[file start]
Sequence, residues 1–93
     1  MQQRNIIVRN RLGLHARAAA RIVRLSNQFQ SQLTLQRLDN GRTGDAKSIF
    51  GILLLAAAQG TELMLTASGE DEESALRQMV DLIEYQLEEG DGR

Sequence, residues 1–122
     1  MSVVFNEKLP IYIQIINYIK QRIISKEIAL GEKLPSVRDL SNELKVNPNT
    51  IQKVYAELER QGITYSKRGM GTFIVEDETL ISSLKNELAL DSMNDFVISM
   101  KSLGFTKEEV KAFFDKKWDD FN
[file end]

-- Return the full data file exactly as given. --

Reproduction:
Sequence, residues 1–93
     1  MQQRNIIVRN RLGLHARAAA RIVRLSNQFQ SQLTLQRLDN GRTGDAKSIF
    51  GILLLAAAQG TELMLTASGE DEESALRQMV DLIEYQLEEG DGR

Sequence, residues 1–122
     1  MSVVFNEKLP IYIQIINYIK QRIISKEIAL GEKLPSVRDL SNELKVNPNT
    51  IQKVYAELER QGITYSKRGM GTFIVEDETL ISSLKNELAL DSMNDFVISM
   101  KSLGFTKEEV KAFFDKKWDD FN